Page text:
ENTERING CANADA WITH A DWI

How To Apply For a Rehabilitation Permit
Gerry Cariou
By Gerry Cariou

Gerry Cariou is the Executive Director of Ontario's Sunset Country.

Last Updated: August 8, 2019

Yes, You Can Go Fishing in Canada Again!

As the Executive Director of Ontario's Sunset Country Travel Association for the past 20 years, I have spoken to thousands of Americans about traveling to Sunset Country. With over 70,000 freshwater lakes and thousands of square miles of forests, the attraction of our area is almost irresistible. Sunset Country is a true escape for many of the people I talk to, and they visit year after year.

Unfortunately for some of the people, they can't get into Canada because of a past offense–– almost always DWI (Driving While Intoxicated)––and I'm frequently asked what process or paperwork has to be filled out and sent to the Canadian Government so they can clear their name.

It's the latter group of people I've researched and written this article for. With the passage of time and some effort on your part, you can, in most cases, become eligible to visit Canada again so here's how you do that.

Ontario's Sunset Country

Reasons for Inadmissibility

Let's start with the basics. Something I hear quite often at the sports shows is people having trouble understanding why their misdemeanor DWI makes them inadmissible to Canada. That's a good question and one that is fairly easy to answer. Here is a list of reasons why you may be deemed "criminally inadmissible". Some additional points to consider:

  • When an American or a citizen from any foreign country tries to enter Canada, their background is checked. Any offenses they may have on their record are assessed under Canadian Laws,  not the laws from the country where the offense occurred.
  • For DWI, there is no such thing as a misdemeanor level offense up here. In Canada, DWI is always a felony and it is now considered a serious felony (what we call an "indictable offense") so under Canadian laws, you are considered to have a criminal record, even if the offense is not regarded that way in your state.
  • If you received jail time for the offense or someone was injured, this is considered more serious and makes it harder to get a permit.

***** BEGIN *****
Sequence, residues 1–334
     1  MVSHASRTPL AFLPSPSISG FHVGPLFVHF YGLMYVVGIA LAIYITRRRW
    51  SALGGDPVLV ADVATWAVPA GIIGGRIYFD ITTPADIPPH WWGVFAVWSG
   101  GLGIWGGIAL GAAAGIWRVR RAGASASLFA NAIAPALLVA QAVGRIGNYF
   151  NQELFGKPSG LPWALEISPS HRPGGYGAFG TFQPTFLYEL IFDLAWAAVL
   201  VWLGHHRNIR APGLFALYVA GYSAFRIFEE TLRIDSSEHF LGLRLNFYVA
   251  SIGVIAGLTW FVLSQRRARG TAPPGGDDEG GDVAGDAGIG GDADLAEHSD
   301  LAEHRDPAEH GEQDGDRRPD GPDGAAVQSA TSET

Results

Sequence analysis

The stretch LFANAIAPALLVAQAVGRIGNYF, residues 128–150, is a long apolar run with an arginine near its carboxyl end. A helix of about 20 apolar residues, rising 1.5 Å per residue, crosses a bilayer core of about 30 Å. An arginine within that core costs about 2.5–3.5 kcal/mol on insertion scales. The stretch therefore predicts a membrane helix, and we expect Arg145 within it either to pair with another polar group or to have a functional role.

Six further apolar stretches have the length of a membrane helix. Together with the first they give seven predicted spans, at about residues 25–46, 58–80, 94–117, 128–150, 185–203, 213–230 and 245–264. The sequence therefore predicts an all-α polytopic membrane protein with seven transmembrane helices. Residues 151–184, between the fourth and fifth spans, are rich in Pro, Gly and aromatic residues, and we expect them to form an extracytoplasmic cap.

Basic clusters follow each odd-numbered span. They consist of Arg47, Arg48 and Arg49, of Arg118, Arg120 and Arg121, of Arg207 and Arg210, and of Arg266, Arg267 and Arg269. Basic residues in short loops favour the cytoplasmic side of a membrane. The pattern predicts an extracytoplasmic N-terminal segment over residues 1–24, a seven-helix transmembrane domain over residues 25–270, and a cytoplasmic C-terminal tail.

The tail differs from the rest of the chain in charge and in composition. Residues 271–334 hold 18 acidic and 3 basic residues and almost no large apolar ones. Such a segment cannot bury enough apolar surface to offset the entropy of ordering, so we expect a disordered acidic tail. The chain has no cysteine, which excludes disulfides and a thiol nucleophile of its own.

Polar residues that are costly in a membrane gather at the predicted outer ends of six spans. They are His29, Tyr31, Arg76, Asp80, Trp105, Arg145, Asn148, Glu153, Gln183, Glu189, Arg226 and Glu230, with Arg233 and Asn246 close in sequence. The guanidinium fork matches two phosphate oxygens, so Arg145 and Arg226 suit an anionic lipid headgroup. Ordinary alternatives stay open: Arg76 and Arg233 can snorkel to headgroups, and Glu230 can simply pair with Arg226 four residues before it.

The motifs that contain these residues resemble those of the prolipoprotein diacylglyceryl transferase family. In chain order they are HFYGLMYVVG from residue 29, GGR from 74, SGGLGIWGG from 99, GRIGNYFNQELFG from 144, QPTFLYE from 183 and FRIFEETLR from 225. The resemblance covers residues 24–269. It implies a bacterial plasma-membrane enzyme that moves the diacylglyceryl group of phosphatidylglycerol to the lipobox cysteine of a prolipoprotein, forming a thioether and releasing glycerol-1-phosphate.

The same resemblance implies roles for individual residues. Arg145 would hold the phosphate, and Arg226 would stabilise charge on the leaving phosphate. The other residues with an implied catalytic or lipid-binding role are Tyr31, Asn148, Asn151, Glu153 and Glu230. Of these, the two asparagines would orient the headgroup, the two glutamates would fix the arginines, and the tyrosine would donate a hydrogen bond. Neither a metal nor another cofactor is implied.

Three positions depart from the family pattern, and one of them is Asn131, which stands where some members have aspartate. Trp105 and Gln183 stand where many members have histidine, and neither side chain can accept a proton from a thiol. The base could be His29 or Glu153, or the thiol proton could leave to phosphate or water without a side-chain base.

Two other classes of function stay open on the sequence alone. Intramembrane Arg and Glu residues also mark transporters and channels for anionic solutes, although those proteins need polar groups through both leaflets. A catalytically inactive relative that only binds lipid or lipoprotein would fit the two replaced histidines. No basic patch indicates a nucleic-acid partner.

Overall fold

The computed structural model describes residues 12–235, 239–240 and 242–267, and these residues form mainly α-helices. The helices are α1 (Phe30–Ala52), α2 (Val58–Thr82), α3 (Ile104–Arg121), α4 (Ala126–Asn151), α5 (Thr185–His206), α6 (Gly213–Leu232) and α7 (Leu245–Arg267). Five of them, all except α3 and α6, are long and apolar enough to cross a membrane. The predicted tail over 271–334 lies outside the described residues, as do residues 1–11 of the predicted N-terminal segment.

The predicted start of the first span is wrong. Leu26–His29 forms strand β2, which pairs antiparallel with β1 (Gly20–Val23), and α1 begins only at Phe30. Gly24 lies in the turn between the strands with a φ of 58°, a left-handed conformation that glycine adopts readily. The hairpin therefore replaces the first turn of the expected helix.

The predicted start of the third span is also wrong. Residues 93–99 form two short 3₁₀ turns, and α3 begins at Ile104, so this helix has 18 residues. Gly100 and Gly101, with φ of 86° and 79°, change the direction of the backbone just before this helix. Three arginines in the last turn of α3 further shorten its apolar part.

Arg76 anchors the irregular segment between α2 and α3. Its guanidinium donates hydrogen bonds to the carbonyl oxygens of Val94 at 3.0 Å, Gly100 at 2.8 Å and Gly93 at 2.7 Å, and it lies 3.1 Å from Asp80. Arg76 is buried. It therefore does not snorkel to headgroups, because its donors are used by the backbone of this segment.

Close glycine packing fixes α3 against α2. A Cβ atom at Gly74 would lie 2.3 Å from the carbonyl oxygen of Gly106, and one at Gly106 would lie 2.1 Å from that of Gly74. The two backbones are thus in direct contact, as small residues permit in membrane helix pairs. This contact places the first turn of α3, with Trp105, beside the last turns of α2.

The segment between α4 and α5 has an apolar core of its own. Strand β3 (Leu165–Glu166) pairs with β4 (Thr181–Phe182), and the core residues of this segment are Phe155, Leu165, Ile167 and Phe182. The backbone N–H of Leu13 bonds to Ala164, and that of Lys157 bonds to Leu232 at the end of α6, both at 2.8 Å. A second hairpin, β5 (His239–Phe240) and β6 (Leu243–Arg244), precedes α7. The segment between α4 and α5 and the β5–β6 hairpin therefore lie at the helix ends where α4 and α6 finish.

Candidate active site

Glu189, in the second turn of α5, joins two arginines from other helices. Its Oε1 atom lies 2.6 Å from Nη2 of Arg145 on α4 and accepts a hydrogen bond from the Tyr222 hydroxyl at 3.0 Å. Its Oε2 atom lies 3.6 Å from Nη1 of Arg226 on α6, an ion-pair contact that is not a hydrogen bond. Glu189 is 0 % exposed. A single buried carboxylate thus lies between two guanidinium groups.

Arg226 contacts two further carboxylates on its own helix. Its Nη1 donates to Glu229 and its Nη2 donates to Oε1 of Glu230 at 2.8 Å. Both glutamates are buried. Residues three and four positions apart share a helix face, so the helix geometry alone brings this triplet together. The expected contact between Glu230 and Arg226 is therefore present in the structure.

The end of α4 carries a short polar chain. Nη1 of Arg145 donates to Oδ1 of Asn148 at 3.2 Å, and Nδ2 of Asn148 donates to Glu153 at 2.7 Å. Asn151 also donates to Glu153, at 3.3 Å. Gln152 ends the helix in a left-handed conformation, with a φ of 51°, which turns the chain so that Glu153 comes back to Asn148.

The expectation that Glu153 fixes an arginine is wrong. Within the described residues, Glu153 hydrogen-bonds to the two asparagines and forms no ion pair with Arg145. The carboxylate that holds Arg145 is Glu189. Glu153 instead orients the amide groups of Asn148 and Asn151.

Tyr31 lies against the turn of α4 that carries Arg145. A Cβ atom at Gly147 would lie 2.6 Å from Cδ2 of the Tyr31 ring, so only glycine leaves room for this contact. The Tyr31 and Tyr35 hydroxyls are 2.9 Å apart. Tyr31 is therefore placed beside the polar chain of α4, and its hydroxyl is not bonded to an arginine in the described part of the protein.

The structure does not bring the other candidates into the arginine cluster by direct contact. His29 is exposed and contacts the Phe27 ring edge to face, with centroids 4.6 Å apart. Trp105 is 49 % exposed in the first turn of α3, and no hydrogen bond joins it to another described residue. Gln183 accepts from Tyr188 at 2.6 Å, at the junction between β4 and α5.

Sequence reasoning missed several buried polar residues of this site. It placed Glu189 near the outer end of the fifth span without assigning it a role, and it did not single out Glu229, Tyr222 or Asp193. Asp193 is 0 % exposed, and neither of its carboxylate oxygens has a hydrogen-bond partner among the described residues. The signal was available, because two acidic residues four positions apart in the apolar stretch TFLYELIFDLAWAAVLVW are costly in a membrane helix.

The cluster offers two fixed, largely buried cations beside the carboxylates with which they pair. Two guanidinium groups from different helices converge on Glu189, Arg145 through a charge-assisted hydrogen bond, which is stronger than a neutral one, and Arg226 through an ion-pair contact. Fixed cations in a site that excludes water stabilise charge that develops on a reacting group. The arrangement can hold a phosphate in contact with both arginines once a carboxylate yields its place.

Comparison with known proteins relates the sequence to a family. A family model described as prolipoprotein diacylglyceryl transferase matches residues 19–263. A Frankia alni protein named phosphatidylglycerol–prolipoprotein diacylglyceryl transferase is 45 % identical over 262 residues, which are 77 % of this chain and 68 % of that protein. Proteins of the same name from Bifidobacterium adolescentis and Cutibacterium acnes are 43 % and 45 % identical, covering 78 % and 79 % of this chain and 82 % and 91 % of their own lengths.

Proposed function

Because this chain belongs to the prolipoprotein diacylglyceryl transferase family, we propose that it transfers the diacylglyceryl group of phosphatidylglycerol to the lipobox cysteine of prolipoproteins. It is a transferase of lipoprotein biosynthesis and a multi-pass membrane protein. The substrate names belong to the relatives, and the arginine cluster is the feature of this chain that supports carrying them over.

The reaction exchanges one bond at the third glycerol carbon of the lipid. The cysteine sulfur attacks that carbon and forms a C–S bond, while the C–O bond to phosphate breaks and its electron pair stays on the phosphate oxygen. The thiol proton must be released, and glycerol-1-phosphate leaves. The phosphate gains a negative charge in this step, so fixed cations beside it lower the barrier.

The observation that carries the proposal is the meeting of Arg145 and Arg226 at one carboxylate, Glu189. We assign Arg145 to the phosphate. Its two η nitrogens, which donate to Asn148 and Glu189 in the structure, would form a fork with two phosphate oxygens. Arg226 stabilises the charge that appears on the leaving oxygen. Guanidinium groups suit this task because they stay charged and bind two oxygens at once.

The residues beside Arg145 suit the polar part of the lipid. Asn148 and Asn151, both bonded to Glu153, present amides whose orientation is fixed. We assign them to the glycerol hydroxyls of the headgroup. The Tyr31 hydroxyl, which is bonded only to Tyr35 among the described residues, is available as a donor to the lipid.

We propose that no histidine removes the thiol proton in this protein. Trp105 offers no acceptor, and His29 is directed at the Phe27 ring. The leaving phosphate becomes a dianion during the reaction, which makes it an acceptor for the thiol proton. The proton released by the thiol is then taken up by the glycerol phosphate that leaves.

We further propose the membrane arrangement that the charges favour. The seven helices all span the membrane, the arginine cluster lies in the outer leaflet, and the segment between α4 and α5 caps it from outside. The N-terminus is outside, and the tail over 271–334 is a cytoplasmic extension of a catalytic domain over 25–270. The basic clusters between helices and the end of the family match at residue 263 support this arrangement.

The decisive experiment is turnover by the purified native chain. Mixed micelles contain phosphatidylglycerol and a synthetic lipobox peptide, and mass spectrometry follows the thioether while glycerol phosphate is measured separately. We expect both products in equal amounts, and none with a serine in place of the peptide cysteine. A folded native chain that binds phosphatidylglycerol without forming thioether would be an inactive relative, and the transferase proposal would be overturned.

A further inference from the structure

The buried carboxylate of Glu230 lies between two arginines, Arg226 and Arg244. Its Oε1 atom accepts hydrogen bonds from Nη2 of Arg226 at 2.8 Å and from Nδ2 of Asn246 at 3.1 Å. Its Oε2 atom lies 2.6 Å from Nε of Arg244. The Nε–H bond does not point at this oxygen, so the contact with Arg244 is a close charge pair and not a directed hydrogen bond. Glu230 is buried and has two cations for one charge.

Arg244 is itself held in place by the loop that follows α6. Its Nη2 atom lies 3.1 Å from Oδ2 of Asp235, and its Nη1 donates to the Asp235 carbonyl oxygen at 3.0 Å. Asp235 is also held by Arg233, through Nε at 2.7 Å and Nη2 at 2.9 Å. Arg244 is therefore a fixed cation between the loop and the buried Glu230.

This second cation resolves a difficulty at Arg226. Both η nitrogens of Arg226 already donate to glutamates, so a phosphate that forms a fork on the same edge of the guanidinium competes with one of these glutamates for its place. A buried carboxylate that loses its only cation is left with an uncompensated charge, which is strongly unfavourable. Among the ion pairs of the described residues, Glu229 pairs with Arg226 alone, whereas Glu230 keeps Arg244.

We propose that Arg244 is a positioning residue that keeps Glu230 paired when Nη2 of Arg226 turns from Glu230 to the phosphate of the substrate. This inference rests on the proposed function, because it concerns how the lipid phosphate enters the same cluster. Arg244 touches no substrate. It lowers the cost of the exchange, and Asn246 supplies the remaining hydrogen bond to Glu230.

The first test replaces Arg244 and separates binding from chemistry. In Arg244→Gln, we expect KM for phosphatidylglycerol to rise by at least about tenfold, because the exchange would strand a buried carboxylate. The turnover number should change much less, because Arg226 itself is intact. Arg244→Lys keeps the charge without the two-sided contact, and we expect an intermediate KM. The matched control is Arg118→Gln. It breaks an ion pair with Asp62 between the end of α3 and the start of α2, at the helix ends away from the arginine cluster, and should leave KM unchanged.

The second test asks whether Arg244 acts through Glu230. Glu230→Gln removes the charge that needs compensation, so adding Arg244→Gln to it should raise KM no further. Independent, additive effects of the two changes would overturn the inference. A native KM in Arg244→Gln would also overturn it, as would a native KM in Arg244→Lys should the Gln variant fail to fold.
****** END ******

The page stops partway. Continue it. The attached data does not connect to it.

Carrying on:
• If you have more than one offense be it another DWI or some other offense, that is also a factor.
  • Your admissibility to Canada is determined at the border by the Immigration Official you encounter. There is no way to get a "pre-clearance" over the phone.
  • The only way to be sure you'll get across the border is to be "granted rehabilitation" by the Canadian Government.

Canada and the United States are two sovereign countries hence the laws on the books in each country are going to be different. It works the same way for Canadians crossing into the USA, any offenses they have are considered under American laws. Many people state that Canada is "losing a lot of tourist dollars" by denying people at the border and that is true - we lose significant tourism revenue as a result of the DWI/border issue. ​

Unfortunately, the situation is not likely to change despite the economic costs to Canada so the best strategy is to resolve the issue on your end. The next section focuses on the process to do that.

Big Ontario walleye

How to Apply for Your Rehabilitation Permit

While doing an application for rehabilitation isn't necessarily easy, the process and rules around it are straightforward. Perhaps what is more important is how you do your application.  The wording you use will be an important aspect of getting your application approved. 

The other major issue that causes delays in the processing of the applications is completeness - or lack thereof. Many applications submitted do not have all the necessary paperwork needed by the Canadian Government to assess your eligibility and therefore, cannot be processed.

You can not apply for criminal rehabilitation until 5 years have passed since the end of the sentence that was imposed. If less than five years have passed, you can fill out the form and check “For Information Only.” An officer will decide if you can get special permission to come to Canada temporarily.